By Jessica Holbrook Hernandez, Expert Resume Writer
Gone are the days when you’ll find experts recommending that you add the once-trusted objective statement to your resume. This is because hiring managers and recruiters are much more intrigued by the other resume tools used to grab their attention.
One tool that is regularly recommended is the career summary. As a biotech professional, it’s good for you to consider this option as well. It not only summarizes your most important professional accomplishments but also gives the reader a quick guide to help him or her decide whether to add you to the “keeper” or “denial” file.
Why Experts Are Moving Away From Objective Statements
If you’ve written a resume in the past, you’re probably familiar with the objective, which is a one- or two-sentence statement explaining what you’re objective is in applying for the job. Usually, it looks something like this: “Seeking to showcase my skills, achievements, and talent in hopes of joining XYZ Biotech Company.”
The problem with an objective statement like this is that it comes across as bland and too broad. It doesn’t break down what you can actually do for that company, forcing the reader to dig through your resume to find this information. The career summary, on the other hand, offers the information right at the top of the resume, ensuring that your career highlights are easy to find.
How Do I Write a Great Biotech Career Summary?
So how can you create a winning biotech career summary that will entice a hiring manager or recruiter? Similar to writing a summary for any other field, your job will be to highlight standout aspects of your career that make you shine and also line up with the position for which you’re applying.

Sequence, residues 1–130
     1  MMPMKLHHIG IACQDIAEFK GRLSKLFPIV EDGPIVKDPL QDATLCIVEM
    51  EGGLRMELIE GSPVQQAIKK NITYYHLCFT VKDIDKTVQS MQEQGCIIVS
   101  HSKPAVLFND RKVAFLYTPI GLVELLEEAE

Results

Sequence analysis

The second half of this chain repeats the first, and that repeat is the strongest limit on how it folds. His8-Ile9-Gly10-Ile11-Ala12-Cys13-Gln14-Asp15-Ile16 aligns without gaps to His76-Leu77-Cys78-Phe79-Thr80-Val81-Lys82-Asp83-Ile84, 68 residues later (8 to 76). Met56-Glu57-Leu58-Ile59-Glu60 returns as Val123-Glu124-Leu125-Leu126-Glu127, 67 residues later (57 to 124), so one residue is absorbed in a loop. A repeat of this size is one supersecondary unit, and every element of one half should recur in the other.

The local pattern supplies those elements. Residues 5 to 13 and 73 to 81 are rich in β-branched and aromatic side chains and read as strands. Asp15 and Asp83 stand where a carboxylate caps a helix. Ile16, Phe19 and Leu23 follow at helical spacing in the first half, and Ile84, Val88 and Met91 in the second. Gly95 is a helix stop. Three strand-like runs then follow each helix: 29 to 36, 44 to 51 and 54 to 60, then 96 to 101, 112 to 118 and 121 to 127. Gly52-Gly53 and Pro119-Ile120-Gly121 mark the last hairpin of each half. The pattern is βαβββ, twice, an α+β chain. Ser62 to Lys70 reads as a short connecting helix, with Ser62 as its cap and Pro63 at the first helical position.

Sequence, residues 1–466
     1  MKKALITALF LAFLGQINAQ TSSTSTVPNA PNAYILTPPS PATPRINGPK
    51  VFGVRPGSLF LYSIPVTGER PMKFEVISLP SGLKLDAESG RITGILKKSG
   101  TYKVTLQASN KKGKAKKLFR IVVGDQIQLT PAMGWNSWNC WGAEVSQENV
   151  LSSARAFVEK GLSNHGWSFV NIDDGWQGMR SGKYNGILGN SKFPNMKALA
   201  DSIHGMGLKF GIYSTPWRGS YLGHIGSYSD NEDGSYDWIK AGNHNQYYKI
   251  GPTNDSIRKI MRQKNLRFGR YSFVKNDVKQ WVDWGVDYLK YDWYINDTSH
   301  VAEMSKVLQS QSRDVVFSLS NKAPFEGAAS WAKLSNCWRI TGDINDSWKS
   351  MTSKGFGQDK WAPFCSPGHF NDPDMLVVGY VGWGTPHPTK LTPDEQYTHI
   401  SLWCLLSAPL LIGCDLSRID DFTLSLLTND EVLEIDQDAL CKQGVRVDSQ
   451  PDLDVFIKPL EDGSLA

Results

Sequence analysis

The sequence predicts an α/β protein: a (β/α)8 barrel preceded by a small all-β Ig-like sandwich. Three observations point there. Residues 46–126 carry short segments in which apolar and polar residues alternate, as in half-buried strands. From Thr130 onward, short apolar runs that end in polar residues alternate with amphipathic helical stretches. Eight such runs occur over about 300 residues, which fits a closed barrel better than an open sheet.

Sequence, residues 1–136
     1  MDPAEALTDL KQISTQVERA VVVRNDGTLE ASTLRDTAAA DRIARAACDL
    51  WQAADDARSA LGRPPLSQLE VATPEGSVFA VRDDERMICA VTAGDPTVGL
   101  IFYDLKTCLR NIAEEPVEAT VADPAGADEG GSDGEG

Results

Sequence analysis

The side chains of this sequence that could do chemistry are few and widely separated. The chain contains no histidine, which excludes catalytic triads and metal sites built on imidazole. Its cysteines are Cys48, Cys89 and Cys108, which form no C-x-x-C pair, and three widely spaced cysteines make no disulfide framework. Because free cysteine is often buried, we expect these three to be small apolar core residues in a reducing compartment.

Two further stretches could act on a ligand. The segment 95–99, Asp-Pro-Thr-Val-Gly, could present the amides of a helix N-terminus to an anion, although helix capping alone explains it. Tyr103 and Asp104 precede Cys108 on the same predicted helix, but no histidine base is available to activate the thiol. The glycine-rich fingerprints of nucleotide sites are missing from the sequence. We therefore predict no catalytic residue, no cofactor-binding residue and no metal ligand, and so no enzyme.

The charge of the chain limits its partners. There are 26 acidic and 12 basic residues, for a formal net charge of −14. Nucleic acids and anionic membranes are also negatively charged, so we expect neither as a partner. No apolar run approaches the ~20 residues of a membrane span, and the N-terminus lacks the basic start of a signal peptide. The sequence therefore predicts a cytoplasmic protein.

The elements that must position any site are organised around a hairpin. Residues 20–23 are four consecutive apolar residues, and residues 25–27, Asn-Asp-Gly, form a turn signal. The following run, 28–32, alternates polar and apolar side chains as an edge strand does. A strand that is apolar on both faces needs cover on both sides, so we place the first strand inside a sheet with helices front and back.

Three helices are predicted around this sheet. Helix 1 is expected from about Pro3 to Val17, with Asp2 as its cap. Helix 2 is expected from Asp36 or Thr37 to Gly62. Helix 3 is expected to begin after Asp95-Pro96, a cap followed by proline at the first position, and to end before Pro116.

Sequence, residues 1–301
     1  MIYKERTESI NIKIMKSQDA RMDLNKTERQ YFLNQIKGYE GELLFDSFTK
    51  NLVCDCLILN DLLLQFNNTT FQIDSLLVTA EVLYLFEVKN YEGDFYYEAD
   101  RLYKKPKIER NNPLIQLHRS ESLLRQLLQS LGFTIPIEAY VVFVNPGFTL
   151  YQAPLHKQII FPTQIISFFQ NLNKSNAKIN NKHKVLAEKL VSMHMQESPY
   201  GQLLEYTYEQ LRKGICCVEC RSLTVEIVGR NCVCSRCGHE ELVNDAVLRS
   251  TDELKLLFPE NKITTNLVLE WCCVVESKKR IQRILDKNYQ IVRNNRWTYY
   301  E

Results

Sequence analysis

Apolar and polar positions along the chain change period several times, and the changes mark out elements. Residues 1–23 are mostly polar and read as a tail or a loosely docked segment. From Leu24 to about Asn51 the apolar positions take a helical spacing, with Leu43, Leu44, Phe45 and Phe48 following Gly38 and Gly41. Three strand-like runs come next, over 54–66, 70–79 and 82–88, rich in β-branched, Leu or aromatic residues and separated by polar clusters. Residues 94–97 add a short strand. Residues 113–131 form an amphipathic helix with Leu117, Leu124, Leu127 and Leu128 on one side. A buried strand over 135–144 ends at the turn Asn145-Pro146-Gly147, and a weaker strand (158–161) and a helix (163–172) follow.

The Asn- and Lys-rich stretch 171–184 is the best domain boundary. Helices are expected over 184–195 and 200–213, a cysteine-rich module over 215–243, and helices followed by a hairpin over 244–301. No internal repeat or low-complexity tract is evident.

To get started, it’s good to look over the most significant moments in your career to date. Try to come up with about 10 (e.g., winning a clinical research award, being published in a scientific journal, discovering a not-yet-discovered organism, etc.), then narrow your list down to no more than five.
To help you narrow down the list, think of what is most impressive to you or others and what you are most proud of. Then come up with as many details for those highlights as you can while trying to keep each bullet-point item to one sentence (e.g., “Winner of Leadership Award with XYZ Biotech Company for exceptional site technical leadership in cell culture process and management of tech transfers of new processes in manufacturing”).
Really take time to think about what you want to add to each summary you write for each resume you submit. In other words, don’t just use the same summary over and over again—tailor it to each position. This way, you can create a resume that genuinely shows you are the right person for the job.
For additional tips and advice on resumes and cover letters, follow @GreatResume or visit our blog.
About the Author
Jessica Hernandez, is a resume authority for the Job Talk America radio program and multi-published expert author for resume, career, and job search publications. She boasts more than ten years in human resources management and hiring for Fortune 500 companies and utilizes her extensive experience to support job seekers in their quest to move onward and upward in their careers. Find out more at Great Resumes Fast.
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